Quotes, Updates, and Creating with Epoxy Resin: Part One (Basics)

Fast Updates:

We had a blast at the July events and are looking forward to the upcoming conventions in August!

Gabrielo has created a trailer for “Endow”. You can also view the new video here: Book Trailers

I created a new t-shirt and banner design for events!


readersfavorite.com will have all three of my published “Blood Inheritance Novels” listed as prizes in the monthly book giveaway. If you are interested in winning some amazing books by great authors you can check out the monthly giveaway here:  book giveaway /Rise or/and here: book-giveaway/lost and here: book-giveaway/endow

Upcoming Event Reminders:


Concealed Realms is now schedule to participate in Quad Con on August 7 in Springfield, IL The event will take place at the Crowne Plaza Convention Center. To learn more visit: quadcity.com

We are scheduled to participate at Raptor Con! The new dates for the event are August 21st and 22nd. This event takes place in Evansville Indiana. To learn more visit: www.RaptorCon.com

*For 10% off your RaptorCon ticket purchase use code CONREAL at checkout*

Information on the rescheduled Dupage MightyCon has been added to our events page.

The Madison Comic Con will take place Sunday, September 19th from 10:00 a.m. to 5:00 p.m. at the Monona Terrace Exhibit Hall, 1 John Nolan Drive, Madison WI 53703. The date to this event was recently changed to Sunday, August 29th. (Awaiting confirmation due to scheduling conflict.) Please check our events page for new updates!

Concealed Realms is planning to participate in the Peoria Quad Con on September 25th and 26th. This event takes place at Northwoods Mall.

Concealed Realms will be returning to Sci-Fi Family Day at Discovery World! This event takes place on Saturday, Oct 2nd at 500 N Harbor Dr. Milwaukee, WI.

Oddmall: Chrishanukwanzmadan information has been updated on the events page. It is now set to take place on Saturday, December 11th from 10 AM- 6 PM at  Tadmor Shrine – 3000 Krebs Drive  Akron, Ohio 44319.

Creative Quotes:

“That so few now dare to be eccentric marks the chief danger of our time.” – John Stuart Mill

“Creativity: the art of not trying, the art of letting go.” – Maxime Lagacé

“If you’re not doing some things that are crazy, then you’re doing the wrong things.” – Larry Page

“Great things are not accomplished by those who yield to trends and fads and popular opinion.” – Jack Keroua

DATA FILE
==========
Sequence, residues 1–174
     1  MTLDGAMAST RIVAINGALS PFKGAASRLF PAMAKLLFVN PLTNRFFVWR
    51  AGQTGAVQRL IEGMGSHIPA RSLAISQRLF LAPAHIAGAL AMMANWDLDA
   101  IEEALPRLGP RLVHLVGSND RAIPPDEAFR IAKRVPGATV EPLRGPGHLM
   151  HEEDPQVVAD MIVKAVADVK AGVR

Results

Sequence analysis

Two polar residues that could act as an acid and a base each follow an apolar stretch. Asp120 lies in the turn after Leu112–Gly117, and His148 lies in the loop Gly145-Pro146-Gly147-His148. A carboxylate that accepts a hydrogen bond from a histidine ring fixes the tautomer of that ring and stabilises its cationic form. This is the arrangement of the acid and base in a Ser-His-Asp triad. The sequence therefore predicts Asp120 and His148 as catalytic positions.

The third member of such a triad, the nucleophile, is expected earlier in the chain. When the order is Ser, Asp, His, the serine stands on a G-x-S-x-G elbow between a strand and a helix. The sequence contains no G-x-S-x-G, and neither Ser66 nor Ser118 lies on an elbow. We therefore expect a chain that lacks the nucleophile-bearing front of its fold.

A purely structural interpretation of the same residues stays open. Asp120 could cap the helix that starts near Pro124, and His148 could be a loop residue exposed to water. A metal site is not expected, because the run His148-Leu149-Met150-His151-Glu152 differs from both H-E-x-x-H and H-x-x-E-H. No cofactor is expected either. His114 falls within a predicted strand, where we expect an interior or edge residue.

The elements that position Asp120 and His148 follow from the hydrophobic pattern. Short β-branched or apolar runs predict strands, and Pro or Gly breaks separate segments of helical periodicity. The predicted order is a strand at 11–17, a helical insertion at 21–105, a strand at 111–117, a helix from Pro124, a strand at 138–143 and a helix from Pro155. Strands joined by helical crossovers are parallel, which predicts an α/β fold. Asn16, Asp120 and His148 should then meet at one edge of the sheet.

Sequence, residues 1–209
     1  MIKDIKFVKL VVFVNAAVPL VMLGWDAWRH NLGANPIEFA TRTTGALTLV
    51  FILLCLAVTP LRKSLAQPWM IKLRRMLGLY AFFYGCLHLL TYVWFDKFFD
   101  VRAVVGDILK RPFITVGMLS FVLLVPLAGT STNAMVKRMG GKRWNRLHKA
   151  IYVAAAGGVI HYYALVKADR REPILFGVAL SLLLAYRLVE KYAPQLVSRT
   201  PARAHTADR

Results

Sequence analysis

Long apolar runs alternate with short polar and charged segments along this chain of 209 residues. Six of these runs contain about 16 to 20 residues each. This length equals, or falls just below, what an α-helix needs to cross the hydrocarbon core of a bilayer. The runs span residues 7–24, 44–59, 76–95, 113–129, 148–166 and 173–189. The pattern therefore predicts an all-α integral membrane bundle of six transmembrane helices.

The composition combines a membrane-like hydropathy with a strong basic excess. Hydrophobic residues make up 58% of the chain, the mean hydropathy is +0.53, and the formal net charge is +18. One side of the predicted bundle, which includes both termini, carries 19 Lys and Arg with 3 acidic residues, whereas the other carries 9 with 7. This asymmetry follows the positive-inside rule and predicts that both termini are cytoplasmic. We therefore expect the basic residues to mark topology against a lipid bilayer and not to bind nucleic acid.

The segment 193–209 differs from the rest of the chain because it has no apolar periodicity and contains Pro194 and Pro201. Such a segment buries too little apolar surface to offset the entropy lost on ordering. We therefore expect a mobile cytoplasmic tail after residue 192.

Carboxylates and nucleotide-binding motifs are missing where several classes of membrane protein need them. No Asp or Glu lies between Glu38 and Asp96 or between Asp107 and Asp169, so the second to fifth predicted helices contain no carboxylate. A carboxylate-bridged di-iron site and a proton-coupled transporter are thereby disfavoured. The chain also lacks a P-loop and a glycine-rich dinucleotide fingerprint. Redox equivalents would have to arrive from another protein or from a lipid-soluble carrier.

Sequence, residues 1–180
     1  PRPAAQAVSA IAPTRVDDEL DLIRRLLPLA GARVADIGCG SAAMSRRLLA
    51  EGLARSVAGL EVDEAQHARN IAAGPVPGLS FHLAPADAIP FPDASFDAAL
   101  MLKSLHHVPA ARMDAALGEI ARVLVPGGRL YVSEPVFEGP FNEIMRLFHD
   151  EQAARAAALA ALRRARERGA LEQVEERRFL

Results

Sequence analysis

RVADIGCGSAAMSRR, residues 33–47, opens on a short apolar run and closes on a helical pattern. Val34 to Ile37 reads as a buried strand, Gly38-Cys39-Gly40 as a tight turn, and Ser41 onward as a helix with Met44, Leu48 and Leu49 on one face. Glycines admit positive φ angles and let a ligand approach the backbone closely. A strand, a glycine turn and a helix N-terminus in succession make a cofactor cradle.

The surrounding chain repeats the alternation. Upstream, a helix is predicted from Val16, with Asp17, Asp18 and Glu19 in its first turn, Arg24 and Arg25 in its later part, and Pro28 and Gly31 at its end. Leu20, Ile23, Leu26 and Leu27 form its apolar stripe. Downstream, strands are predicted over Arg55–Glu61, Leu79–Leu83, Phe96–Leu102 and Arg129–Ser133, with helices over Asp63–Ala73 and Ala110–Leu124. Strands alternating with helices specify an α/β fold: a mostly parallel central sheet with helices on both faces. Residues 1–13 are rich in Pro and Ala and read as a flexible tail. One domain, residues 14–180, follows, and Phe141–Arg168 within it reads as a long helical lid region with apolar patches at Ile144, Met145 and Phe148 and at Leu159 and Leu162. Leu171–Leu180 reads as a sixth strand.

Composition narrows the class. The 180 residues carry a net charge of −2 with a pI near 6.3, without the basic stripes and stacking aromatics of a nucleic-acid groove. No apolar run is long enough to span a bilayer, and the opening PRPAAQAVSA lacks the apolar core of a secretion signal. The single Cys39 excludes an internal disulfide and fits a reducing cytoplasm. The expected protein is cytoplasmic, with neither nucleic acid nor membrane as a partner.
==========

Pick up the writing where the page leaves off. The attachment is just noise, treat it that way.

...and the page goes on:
“The world always seems brighter when you’ve just made something that wasn’t there before.” – Neil Gaiman

“When you can do a common thing in an uncommon way; you will command the attention of the world.” – George Washington Carver

“Be regular and orderly in your life, so that you may be violent and original in your work.” – Gustave Flaubert

“When you can do a common thing in an uncommon way; you will command the attention of the world.” – George Washington Carver

“Art is not a handicraft, it is the transmission of feeling the artist has experienced.” – Leo Tolstoy

“I shut my eyes in order to see.” – Paul Gauguin


Definition of conceive:


verb “to form a notion or idea of; imagine.”


Merriam Webster.com

transitive verb

a) “to cause to begin.”

b) “to form a conception of : imagine”


Creating with Resin – Part One (Basics)

Generally, every other month I pick a topic related to creativity in some way for an article. This past month, in order to help boost my creative flow, I decided to try a new outlet and use that for the basis of my post. I have been interested in resin and all the fascinating applications that it can be use in for quit some time.

People use resin for many types of crafts including, woodworking, jewelry making, countertop design, decorative accents, paint pouring art, flooring, and so much more… It would seem that once you have a handle on working with it, you are only limited by the scope of your imagination.

Now, I have big Idea’s about what I could do with resin in the future. Maybe I can create the gems from “The Blood Inheritance Quartet, since they are an important part of the series, or redesign the wands that I created with my 3D printer, using a handmade resin casting mold… as far as I can see it, the possibilities are endless, but first I have to start with the basics.

I have never used any resin crafting products before so I picked up a clear cast starter kit in order to familiarize myself with the materials. Somewhere along the way, I also decided to make this a two part post, and ordered up two jewelry making kits to further experiment with before next months article. In this post I will share what I created with the basic kit and the things I learned along the way.

*Due to this planned two part creativity post, the next mythology themed article will be live in October, instead of September.*

*Note: I am not being incentivized in anyway by the manufacturers or their retailers to endorse/review the products shown in this post.*

what is Epoxy Resin anyway?

Epoxy resin is epoxy adhesive in its liquid form. There are two primary parts – the resin and the hardener/or curing agent. When combined properly a chemical reaction occurs, and the hardening process ensues. If you would like a more in depth explanation or are curious to know more about different types of resin, you can check out this link here: epoxy-resin-guide It is filled with useful information. If you would prefer to read more scientific or historical information, you can check out this page here: wikipedia.org/wiki/Epoxy